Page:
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#BlackLivesMatter, and Reform Jews Can't Turn Away

#BlackLivesMatter, and Reform Jews Can't Turn Away

About a month ago, I walked along a street in Memphis with 11 teens from my congregation, a chaperone and our educator, Brad Cohen. The day before, we had volunteered at the Dorothy Day House, cleaning a basement, spreading mulch and helping three young boys make birthday cards and a cake to surprise their mom. Now we walked via Beale Street (Birthplace of the Blues) to the National Civil Rights Museum housed in the Loraine Motel where Dr. Martin Luther King, Jr. was assassinated. On the way, we passed a mural depicting a black man holding a sign that read, "I AM A MAN." My teens wondered aloud what it could mean. One said, “Of course he’s a man, what else would he be?”

At the museum we came upon an exhibit that explained the campaign in April of 1968, the fateful reason Dr. King was in Memphis. He had come to join the striking sanitation workers protesting unsafe and degrading working conditions; they were protesting the inhumanity of a city government that not only mistreated them when they were alive, but barely flinched at the deaths of Echol Cole and Robert Walker. As black men, Cole and Walker were not allowed to seek cover from the rain except in the back of the truck with the garbage. When the truck mechanism misfired, they were crushed to death. In the protests that followed, "I AM A MAN" affirmed that they and their mostly black fellow workers were not garbage; they were people.

As we walked away from the museum, one of my teens said, “You probably feel this way too, but I keep wondering what will be my generation’s fight.” I told her that I often wonder the same thing.

Two weeks later, I found myself watching as my own city of Baltimore erupted in violent echoes of the history we had just studied in Memphis. I stood in the hotel lobby where I was attending the Religious Action Center of Reform Judaism’s Consultation on Conscience and realized that the words on the protestors’ signs, #BlackLivesMatter, were simply a millennial way of saying "I AM A MAN." In the 1960s, Echol Cole and Robert Walker were men. In 2015, Freddie Gray and Michael Brown and Tamir Rice’s lives matter.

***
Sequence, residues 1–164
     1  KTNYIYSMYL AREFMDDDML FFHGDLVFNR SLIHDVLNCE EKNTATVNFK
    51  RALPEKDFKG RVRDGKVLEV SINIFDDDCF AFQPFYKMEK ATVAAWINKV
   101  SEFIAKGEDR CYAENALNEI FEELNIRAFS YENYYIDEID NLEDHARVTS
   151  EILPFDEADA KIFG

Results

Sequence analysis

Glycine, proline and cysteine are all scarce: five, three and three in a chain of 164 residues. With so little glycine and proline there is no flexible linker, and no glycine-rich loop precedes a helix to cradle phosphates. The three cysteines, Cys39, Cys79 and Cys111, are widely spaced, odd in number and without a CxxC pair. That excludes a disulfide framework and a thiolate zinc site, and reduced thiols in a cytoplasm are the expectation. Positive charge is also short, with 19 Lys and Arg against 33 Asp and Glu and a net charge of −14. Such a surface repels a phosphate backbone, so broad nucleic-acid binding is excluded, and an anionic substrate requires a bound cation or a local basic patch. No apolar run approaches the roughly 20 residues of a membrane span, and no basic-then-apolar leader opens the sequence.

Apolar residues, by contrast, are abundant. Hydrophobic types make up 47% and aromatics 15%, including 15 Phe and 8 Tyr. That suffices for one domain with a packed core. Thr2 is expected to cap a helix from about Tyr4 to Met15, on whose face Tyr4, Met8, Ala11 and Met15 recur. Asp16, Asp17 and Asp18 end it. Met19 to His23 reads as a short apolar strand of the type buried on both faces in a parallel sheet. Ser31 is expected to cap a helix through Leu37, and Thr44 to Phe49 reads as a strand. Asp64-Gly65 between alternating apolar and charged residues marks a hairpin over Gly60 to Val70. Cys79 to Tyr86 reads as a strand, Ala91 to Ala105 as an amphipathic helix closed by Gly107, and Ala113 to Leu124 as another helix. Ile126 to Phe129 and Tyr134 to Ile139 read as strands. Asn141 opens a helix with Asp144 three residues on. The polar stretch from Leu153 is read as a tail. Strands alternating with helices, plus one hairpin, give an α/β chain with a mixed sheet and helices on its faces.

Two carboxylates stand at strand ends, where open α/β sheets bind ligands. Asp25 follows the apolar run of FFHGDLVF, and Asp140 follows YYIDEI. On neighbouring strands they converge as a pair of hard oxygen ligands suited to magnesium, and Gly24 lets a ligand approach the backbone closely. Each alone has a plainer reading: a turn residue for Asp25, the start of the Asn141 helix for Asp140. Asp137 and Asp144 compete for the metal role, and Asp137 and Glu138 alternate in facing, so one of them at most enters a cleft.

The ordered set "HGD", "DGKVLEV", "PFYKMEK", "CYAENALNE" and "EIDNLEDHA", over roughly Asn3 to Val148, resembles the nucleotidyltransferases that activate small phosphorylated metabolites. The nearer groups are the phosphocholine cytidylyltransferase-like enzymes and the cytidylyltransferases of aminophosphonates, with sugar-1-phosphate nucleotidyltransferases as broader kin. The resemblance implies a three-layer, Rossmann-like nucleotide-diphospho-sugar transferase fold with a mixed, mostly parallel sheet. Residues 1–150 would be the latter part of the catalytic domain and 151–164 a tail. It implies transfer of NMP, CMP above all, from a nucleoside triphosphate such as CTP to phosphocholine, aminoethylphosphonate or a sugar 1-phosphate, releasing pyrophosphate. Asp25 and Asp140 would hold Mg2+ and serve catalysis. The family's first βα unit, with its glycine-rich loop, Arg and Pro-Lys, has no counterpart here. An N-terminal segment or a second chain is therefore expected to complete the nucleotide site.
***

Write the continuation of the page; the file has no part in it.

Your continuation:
This time, it wasn’t a worker crushed in the back of a garbage truck, but a young man who died pleading for help in the back of a police van. This time, instead of Memphis, a city that was only a few years past the end of Jim Crow and legally enforced segregation, it is Baltimore, a city that remains largely segregated not by law but by economics, racial politics and the War on Drugs.

That Friday, before Shabbat, members of my congregation joined me at City Hall in a march for justice. One week later, we came together with members of a primarily African-American church from Baltimore. We studied Psalm 137 and shared some of our fears, our anger, our hopes. We have planned to come together again, to learn about each other, to begin a dialogue that will be real and deep and very difficult. A young woman from my congregation said that her heart had suddenly cracked wide open. She had known about racial inequality and injustice before, she had cared before, but now she could not look away.

I can’t either.

Rabbi Elissa Sachs-Kohen has served for 11 years as one of the rabbis at Baltimore Hebrew Congregation. In addition to sharing teaching, pastoral and liturgical responsibilities, she is the sirector of BHC Cares and advises the social action task force, concentrating in recent years on environmental initiatives, marriage equality, and civil rights issues. Rabbi Sachs-Kohen and her wife Missy live in Sudbrook Park with their children Manny and Noa.

Rabbi Elissa Sachs-Kohen
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